• Parnanen, Katariina M. M.; Narciso-da-Rocha, Carlos; Kneis, David; Berendonk, Thomas U.; Cacace, Damiano; Do, Thi Thuy; Elpers, Christian; Fatta-Kassinos, Despo; Henriques, Isabel; Jaeger, Thomas; Karkman, Antti; Luis Martinez, Jose; Michael, Stella G.; Michael-Kordatou, Irene; O'Sullivan, Kristin; Rodriguez-Mozaz, Sara; Schwartz, Thomas; Sheng, Hongjie; Sorum, Henning; Stedtfeld, Robert D.; Tiedje, James M.; Varela Della Giustina, Saulo; Walsh, Fiona; Vaz-Moreira, Ivone; Virta, Marko; Manaia, Celia M. (2019)
    Integrated antibiotic resistance (AR) surveillance is one of the objectives of the World Health Organization global action plan on antimicrobial resistance. Urban wastewater treatment plants (UWTPs) are among the most important receptors and sources of environmental AR. On the basis of the consistent observation of an increasing north-to-south clinical AR prevalence in Europe, this study compared the influent and final effluent of 12 UWTPs located in seven countries (Portugal, Spain, Ireland, Cyprus, Germany, Finland, and Norway). Using highly parallel quantitative polymerase chain reaction, we analyzed 229 resistance genes and 25 mobile genetic elements. This first trans-Europe surveillance showed that UWTP AR profiles mirror the AR gradient observed in clinics. Antibiotic use, environmental temperature, and UWTP size were important factors related with resistance persistence and spread in the environment. These results highlight the need to implement regular surveillance and control measures, which may need to be appropriate for the geographic regions.
  • Hiltunen, Teppo; Virta, Marko; Laine, Anna-Liisa (2017)
    The legacy of the use and misuse of antibiotics in recent decades has left us with a global public health crisis: antibiotic-resistant bacteria are on the rise, making it harder to treat infections. At the same time, evolution of antibiotic resistance is probably the best-documented case of contemporary evolution. To date, research on antibiotic resistance has largely ignored the complexity of interactions that bacteria engage in. However, in natural populations, bacteria interact with other species; for example, competition and grazing are import interactions influencing bacterial population dynamics. Furthermore, antibiotic leakage to natural environments can radically alter bacterial communities. Overall, we argue that eco-evolutionary feedback loops in microbial communities can be modified by residual antibiotics and evolution of antibiotic resistance. The aim of this review is to connect some of the well-established key concepts in evolutionary biology and recent advances in the study of eco-evolutionary dynamics to research on antibiotic resistance. We also identify some key knowledge gaps related to eco-evolutionary dynamics of antibiotic resistance, and review some of the recent technical advantages in molecular microbiology that offer new opportunities for tackling these questions. Finally, we argue that using the full potential of evolutionary theory and active communication across the different fields is needed for solving this global crisis more efficiently. This article is part of the themed issue 'Human influences on evolution, and the ecological and societal consequences'.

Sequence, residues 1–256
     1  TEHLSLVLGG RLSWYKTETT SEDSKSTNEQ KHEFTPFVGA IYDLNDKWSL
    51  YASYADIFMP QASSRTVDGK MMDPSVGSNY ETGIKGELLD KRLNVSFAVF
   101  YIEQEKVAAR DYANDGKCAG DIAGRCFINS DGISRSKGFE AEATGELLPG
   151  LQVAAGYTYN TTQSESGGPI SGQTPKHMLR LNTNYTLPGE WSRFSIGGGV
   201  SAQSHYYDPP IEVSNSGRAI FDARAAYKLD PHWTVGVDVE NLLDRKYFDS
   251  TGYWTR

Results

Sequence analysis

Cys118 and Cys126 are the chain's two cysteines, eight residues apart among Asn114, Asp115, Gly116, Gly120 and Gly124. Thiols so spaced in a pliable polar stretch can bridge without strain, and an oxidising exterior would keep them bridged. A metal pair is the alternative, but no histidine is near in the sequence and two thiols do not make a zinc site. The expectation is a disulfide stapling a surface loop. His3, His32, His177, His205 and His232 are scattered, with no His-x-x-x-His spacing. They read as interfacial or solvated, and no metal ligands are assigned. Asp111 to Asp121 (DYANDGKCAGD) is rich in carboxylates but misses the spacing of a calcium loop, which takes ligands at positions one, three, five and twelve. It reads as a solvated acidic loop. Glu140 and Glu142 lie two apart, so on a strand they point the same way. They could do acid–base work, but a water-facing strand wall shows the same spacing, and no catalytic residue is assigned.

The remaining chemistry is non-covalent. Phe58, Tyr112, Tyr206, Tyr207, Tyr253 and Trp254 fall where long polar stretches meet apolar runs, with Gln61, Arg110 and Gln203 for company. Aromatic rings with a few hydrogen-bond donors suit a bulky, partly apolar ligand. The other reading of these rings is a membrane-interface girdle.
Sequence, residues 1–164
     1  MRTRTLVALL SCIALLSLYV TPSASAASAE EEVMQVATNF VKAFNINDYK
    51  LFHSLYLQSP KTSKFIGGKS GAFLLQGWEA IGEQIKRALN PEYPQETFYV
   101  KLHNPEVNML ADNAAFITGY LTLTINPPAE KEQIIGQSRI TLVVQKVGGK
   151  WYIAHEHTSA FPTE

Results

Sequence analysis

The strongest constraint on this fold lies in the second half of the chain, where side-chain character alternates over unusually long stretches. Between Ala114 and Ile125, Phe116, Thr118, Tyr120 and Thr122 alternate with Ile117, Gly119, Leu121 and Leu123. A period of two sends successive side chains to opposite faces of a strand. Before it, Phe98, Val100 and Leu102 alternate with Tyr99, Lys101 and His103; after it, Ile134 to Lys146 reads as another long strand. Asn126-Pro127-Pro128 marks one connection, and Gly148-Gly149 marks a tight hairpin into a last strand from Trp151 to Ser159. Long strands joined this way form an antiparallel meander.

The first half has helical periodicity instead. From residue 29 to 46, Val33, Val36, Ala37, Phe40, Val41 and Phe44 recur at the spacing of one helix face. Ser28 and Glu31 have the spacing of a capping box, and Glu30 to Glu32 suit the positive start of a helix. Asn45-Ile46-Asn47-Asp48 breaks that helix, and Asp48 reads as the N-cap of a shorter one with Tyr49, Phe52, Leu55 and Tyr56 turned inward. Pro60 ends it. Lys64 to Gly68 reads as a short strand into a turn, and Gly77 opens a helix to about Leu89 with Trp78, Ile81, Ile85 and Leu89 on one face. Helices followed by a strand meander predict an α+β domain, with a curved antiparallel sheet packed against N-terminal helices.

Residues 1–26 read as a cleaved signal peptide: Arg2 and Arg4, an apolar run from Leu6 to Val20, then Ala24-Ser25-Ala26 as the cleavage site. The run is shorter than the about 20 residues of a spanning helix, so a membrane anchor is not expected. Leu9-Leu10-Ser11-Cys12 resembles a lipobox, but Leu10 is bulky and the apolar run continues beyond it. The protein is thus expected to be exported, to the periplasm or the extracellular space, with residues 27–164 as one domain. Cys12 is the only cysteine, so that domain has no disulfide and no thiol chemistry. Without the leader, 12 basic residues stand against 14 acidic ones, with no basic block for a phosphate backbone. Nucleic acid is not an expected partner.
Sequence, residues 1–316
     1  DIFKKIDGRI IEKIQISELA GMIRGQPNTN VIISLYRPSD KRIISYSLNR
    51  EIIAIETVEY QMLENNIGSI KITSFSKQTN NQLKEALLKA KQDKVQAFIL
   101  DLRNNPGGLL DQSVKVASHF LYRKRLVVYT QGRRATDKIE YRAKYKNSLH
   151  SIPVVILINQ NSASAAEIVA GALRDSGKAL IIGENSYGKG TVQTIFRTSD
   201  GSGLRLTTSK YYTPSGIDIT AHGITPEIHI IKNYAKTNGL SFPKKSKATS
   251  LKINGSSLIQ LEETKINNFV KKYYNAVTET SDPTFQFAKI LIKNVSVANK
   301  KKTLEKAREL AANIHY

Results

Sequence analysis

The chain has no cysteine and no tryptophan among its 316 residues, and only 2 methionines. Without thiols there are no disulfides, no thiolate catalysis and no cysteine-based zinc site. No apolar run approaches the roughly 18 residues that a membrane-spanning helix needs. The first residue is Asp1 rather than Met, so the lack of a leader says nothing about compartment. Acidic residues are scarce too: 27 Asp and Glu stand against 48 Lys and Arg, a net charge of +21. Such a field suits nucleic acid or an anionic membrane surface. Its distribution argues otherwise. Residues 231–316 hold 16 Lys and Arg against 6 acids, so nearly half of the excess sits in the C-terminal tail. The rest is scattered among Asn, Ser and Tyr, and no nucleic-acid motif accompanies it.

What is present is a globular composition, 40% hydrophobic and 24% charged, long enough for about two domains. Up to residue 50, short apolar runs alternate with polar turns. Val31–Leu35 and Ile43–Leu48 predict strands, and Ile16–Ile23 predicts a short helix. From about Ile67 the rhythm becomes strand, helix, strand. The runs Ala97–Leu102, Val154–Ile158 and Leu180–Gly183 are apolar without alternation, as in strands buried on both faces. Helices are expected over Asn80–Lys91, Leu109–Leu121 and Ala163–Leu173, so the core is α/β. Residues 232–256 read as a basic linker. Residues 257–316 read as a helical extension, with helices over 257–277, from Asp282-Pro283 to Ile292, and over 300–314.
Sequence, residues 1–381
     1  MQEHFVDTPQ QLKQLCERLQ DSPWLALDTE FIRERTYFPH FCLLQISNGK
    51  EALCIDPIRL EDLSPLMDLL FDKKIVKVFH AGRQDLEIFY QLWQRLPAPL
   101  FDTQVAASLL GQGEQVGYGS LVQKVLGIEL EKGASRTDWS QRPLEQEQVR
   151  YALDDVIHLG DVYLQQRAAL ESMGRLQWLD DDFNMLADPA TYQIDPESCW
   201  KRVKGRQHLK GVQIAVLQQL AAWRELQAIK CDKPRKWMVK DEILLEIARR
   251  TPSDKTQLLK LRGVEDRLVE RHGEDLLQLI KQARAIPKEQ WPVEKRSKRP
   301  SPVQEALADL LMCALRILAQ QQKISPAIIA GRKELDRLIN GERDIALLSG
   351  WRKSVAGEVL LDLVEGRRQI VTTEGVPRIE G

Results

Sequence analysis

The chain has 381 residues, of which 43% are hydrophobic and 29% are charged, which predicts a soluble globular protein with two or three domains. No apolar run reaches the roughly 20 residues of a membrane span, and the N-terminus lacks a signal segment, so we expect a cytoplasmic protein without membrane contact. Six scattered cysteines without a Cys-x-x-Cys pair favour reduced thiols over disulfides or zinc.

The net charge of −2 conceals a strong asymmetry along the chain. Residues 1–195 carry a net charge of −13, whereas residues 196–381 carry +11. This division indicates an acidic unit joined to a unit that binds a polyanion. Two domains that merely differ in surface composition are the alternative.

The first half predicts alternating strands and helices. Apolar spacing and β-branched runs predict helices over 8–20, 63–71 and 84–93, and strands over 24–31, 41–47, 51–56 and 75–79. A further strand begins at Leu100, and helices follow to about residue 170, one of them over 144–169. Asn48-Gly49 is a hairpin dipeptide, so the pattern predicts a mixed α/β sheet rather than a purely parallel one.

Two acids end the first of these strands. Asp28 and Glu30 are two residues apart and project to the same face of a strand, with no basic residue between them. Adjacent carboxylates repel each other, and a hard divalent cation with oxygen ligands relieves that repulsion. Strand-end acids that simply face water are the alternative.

• Topp, Edward; Larsson, D. G. Joakim; Miller, Daniel N.; Van den Eede, Chris; Virta, Marko P. J. (2018)
    A roundtable discussion held at the fourth International Symposium on the Environmental Dimension of Antibiotic Resistance (EDAR4) considered key issues concerning the impact on the environment of antibiotic use in agriculture and aquaculture, and emissions from antibiotic manufacturing. The critical control points for reducing emissions of antibiotics from agriculture are antibiotic stewardship and the pre-treatment of manure and sludge to abate antibiotic-resistant bacteria. Antibiotics are sometimes added to fish and shellfish production sites via the feed, representing a direct route of contamination of the aquatic environment. Vaccination reduces the need for antibiotic use in high value (e.g. salmon) production systems. Consumer and regulatory pressure will over time contribute to reducing the emission of very high concentrations of antibiotics from manufacturing. Research priorities include the development of technologies, practices and incentives that will allow effective reduction in antibiotic use, together with evidence-based standards for antibiotic residues in effluents. All relevant stakeholders need to be aware of the threat of antimicrobial resistance and apply best practice in agriculture, aquaculture and pharmaceutical manufacturing in order to mitigate antibiotic resistance development. Research and policy development on antimicrobial resistance mitigation must be cognizant of the varied challenges facing high and low income countries.